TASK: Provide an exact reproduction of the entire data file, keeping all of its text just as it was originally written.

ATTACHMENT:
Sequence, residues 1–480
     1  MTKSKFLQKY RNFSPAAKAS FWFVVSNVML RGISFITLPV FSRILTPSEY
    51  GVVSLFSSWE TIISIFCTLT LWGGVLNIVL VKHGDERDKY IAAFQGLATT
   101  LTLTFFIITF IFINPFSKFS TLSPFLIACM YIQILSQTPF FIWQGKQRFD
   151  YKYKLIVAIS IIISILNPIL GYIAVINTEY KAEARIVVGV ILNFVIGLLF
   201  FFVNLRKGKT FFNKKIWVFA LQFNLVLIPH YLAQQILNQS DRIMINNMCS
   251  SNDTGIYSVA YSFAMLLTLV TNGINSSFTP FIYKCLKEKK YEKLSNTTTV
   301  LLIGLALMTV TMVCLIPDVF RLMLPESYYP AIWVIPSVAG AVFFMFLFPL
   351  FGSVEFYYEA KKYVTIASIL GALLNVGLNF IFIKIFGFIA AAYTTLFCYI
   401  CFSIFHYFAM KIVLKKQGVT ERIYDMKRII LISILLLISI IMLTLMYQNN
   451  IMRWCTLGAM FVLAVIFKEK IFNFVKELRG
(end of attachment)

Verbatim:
Sequence, residues 1–480
     1  MTKSKFLQKY RNFSPAAKAS FWFVVSNVML RGISFITLPV FSRILTPSEY
    51  GVVSLFSSWE TIISIFCTLT LWGGVLNIVL VKHGDERDKY IAAFQGLATT
   101  LTLTFFIITF IFINPFSKFS TLSPFLIACM YIQILSQTPF FIWQGKQRFD
   151  YKYKLIVAIS IIISILNPIL GYIAVINTEY KAEARIVVGV ILNFVIGLLF
   201  FFVNLRKGKT FFNKKIWVFA LQFNLVLIPH YLAQQILNQS DRIMINNMCS
   251  SNDTGIYSVA YSFAMLLTLV TNGINSSFTP FIYKCLKEKK YEKLSNTTTV
   301  LLIGLALMTV TMVCLIPDVF RLMLPESYYP AIWVIPSVAG AVFFMFLFPL
   351  FGSVEFYYEA KKYVTIASIL GALLNVGLNF IFIKIFGFIA AAYTTLFCYI
   401  CFSIFHYFAM KIVLKKQGVT ERIYDMKRII LISILLLISI IMLTLMYQNN
   451  IMRWCTLGAM FVLAVIFKEK IFNFVKELRG